The Role of EPA in Shutting Down Coal Plants

December 6, 2011

Who’s Killing the Coal-Fired Power Plant?
Erica Martinson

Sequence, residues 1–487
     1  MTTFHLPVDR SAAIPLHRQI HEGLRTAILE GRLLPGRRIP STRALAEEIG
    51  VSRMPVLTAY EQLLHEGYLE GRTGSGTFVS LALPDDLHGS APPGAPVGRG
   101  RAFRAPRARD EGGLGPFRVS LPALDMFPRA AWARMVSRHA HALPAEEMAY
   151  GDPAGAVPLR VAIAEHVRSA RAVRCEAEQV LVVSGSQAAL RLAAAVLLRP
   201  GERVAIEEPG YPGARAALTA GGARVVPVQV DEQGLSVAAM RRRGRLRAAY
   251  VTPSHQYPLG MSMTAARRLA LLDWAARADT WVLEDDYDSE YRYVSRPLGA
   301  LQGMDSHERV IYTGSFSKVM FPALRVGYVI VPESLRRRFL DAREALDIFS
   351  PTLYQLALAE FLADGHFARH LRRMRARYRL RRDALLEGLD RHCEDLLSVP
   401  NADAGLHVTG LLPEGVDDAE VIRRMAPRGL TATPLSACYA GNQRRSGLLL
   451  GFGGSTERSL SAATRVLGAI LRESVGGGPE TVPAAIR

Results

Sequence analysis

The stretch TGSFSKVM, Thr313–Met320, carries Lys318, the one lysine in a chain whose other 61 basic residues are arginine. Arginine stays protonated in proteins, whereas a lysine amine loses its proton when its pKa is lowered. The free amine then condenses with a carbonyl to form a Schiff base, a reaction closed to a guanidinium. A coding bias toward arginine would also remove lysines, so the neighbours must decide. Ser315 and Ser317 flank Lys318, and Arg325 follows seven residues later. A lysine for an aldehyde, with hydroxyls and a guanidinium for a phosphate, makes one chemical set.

This article from Politico suggests that many companies are shutting down older, dirtier coal plants because it makes economic sense, not because of the impact of new air pollution regulations from the U.S. Environmental Protection Agency. The economic case is due largely to the discovery of the Marcellus Shale in the mid-Atlantic region, along with more cost-efficient hydraulic fracturing due to changing technology, which has resulted in natural gas prices dropping dramatically in recent years and they’re expected to stay that way. As reported in a previous blog energy [November 29, NERC Finds that Grid Reliability May Be Jeopardized by EPA Rules], the North American Electric Reliability Corp. says in its most recent report that the main new sources of power added to the grid in the immediate future will be natural gas, solar and wind power projects. In addition to the impact of low natural gas prices, the recession has cut into demand for electricity, and many utilities do not expect power demand to hit pre-recession levels until 2012. While there is no question that EPA rules — particularly EPA’s Cross-State Air Pollution Rule and its mercury and air toxics rule for power plants — are forcing or accelerating shutdowns of many older, polluting coal-fired power plants, there are other economic forces at work. It is thus unfair to lay the blame for the decline in coal-fired electric generation over the next several years entirely at the doorstep of the EPA, as popular as that may be in many political circles.